Democrats in the Senate failed Wednesday to muster a 60-vote majority for S. 1843, the Lilly Ledbetter Fair Pay Act.
If the bill had passed, it would have reversed the effects of a May 2007 U.S. Supreme Court decision that restricted workers’ ability to file suits over allegations of pay discrimination resulting from discrimination based on race, sex, religion or national origin.
Supreme Court justices ruled 5-4 that the 1964 Civil Rights Act required Lily Ledbetter, a rubber plant supervisor, to file a pay discrimination suit within 180 days after the discrimination was said to have occurred.
In July 2007, the House voted 225-199 to pass a bill easing the pay discrimination suit restrictions.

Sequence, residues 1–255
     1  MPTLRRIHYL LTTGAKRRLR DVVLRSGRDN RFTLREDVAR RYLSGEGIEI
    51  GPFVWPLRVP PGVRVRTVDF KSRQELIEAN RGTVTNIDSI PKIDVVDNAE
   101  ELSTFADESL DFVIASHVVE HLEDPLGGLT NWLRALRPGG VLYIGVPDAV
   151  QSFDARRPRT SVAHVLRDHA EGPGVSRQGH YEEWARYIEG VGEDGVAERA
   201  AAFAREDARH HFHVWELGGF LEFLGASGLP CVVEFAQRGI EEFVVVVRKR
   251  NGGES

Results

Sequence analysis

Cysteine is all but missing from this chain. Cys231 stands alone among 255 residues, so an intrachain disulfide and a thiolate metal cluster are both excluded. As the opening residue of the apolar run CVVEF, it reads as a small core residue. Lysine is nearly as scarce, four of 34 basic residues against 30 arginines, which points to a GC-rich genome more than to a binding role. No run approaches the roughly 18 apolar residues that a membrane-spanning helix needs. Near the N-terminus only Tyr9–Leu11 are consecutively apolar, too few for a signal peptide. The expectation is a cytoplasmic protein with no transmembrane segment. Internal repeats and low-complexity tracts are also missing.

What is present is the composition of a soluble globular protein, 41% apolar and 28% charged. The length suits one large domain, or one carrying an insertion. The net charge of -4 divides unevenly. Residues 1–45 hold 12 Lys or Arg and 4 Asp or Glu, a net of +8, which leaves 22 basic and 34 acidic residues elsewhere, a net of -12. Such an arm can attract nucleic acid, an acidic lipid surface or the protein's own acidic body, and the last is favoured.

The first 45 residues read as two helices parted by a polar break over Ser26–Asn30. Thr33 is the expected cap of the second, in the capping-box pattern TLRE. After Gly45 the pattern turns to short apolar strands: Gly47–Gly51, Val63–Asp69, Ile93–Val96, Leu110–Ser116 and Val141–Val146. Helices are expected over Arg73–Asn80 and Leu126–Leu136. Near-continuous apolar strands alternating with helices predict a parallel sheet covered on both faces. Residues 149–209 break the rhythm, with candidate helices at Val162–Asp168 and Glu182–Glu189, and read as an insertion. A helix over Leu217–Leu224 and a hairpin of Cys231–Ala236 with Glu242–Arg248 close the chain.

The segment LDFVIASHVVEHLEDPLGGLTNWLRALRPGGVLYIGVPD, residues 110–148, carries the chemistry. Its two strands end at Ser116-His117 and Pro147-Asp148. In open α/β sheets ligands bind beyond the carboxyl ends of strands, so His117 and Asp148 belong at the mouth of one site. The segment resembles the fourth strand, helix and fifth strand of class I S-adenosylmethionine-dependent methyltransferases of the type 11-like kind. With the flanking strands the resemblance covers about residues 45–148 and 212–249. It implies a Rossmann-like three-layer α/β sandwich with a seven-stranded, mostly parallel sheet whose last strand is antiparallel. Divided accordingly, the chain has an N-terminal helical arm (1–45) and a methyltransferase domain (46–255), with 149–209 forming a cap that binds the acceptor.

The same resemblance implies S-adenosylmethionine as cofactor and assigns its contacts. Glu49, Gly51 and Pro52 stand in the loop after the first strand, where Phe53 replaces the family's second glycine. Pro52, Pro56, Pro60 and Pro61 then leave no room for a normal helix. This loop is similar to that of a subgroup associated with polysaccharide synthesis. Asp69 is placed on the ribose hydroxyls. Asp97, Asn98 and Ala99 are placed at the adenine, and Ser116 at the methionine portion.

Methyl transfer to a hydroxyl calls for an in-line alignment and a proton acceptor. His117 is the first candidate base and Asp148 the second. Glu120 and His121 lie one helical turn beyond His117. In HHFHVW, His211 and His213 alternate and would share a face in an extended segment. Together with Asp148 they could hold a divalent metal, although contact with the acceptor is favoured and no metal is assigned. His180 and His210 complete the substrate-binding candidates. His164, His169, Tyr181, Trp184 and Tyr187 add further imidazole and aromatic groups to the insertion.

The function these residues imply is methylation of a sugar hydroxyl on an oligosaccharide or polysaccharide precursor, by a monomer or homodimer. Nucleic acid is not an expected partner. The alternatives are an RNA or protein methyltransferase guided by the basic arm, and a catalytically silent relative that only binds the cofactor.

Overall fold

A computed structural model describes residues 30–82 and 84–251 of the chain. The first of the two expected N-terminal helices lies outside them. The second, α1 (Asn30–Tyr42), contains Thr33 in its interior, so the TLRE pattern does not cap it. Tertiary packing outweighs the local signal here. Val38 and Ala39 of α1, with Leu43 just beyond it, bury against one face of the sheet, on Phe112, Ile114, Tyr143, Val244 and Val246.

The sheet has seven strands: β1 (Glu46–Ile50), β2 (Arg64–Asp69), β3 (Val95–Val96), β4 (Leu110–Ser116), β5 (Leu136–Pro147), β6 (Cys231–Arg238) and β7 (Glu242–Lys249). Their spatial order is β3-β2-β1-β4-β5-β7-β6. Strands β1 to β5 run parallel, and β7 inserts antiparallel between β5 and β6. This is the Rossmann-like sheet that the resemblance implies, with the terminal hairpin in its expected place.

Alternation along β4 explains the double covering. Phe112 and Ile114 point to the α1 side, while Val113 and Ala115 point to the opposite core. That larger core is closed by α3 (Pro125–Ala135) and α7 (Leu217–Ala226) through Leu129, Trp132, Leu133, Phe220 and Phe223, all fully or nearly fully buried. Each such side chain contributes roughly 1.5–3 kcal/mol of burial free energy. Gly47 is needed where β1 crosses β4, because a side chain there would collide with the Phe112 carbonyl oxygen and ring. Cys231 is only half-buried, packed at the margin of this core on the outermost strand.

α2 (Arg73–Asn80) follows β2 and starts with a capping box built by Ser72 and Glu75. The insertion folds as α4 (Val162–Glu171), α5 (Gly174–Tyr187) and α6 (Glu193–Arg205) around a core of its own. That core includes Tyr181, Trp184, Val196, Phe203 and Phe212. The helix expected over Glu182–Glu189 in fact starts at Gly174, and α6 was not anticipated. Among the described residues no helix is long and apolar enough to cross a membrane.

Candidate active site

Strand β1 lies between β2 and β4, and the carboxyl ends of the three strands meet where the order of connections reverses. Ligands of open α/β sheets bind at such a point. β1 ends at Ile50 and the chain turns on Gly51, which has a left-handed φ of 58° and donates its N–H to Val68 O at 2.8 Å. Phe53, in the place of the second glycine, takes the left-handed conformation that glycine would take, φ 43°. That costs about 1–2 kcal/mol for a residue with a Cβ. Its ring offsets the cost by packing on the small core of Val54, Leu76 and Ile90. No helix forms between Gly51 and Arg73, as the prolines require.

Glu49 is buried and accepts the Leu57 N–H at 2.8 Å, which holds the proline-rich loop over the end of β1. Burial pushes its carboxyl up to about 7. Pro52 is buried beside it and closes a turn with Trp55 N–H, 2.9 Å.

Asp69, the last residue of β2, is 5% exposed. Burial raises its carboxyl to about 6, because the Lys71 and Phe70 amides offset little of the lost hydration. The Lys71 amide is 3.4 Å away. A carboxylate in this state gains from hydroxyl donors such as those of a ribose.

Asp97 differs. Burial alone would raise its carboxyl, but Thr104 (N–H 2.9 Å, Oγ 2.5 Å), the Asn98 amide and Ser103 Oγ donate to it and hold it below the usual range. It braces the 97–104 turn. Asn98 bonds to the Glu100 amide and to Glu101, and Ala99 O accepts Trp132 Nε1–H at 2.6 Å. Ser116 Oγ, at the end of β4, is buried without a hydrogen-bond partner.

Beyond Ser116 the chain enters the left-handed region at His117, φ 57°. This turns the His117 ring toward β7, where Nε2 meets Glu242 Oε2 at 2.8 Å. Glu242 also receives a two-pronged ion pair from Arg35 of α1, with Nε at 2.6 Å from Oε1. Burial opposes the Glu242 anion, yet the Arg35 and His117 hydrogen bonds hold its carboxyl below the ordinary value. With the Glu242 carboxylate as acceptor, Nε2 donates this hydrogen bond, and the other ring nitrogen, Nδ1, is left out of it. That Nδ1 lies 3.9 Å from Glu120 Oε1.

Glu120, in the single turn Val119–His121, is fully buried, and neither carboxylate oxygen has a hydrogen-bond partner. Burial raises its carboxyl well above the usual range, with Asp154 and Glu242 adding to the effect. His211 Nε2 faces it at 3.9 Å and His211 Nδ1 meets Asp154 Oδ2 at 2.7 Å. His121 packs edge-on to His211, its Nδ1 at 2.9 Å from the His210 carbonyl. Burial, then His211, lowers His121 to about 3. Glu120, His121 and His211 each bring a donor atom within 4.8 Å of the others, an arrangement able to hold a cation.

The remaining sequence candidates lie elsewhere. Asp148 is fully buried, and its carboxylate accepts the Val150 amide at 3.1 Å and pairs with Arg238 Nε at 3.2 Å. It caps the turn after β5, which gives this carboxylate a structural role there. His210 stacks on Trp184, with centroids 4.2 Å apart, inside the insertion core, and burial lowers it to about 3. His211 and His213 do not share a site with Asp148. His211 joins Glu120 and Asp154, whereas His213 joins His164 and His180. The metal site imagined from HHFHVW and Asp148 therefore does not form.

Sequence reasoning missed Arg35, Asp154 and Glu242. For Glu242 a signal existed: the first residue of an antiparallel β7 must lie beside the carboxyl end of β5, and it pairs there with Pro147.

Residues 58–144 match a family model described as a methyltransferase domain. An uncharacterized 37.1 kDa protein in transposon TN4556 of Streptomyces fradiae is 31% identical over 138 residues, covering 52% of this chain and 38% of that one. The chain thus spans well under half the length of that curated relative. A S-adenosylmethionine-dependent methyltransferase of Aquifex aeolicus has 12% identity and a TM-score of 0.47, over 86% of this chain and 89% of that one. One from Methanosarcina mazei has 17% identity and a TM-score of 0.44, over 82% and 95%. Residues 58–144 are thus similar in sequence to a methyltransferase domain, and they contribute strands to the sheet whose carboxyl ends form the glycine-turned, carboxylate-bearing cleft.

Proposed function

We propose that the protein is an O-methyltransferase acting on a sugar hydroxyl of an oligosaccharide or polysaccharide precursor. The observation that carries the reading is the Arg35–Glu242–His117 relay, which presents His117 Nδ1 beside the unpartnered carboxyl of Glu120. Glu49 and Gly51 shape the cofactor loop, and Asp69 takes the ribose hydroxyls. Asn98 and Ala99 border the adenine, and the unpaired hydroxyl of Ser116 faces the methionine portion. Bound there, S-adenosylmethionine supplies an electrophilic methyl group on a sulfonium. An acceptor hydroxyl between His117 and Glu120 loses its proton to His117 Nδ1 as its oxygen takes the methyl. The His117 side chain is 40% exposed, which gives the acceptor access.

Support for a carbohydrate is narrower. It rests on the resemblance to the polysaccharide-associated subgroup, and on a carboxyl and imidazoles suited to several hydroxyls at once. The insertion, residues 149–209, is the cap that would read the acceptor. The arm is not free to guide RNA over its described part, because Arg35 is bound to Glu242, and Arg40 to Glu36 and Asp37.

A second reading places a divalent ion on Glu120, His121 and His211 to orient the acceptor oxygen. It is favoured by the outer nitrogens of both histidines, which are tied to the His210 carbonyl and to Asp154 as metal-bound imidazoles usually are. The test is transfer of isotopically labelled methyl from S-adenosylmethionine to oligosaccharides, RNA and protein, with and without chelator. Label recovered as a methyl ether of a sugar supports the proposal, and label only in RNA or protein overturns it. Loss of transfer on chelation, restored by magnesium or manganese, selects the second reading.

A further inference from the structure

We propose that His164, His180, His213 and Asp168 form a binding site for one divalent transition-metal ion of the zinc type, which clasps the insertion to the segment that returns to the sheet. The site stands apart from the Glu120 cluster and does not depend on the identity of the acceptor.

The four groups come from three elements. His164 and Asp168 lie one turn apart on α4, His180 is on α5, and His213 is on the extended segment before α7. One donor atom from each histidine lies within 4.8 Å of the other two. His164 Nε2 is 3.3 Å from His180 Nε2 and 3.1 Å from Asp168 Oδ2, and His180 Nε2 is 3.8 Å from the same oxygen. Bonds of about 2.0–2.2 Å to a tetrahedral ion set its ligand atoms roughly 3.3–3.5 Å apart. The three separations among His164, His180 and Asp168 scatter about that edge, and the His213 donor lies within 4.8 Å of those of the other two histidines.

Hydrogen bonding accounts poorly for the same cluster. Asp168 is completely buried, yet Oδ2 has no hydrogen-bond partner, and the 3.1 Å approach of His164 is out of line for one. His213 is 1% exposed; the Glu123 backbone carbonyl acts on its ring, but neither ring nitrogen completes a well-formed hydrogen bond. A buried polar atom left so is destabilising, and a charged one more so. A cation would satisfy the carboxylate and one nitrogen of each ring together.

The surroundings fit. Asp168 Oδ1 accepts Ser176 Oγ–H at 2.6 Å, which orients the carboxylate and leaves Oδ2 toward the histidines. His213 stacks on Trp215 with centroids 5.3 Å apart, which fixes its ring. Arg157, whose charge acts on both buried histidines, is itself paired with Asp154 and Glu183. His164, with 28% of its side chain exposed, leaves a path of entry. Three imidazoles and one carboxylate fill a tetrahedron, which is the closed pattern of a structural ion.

Ledbetter bill supporters in the Senate needed a 60-vote majority to block the threat of a filibuster, or potentially never-ending period of debate, and get the bill to the floor.
Only 6 Republican senators voted for sending the bill to the floor; and only 1 Democrat voted against sending the bill to the floor.
Senate Majority Leader Harry Reid, D-Nev., ended up voting against sending the bill to the floor so that he would have standing to ask for a revote.
Sen. Edward Kennedy, D-Mass., says the Ledbetter ruling leaves a “gaping loophole” in civil rights laws.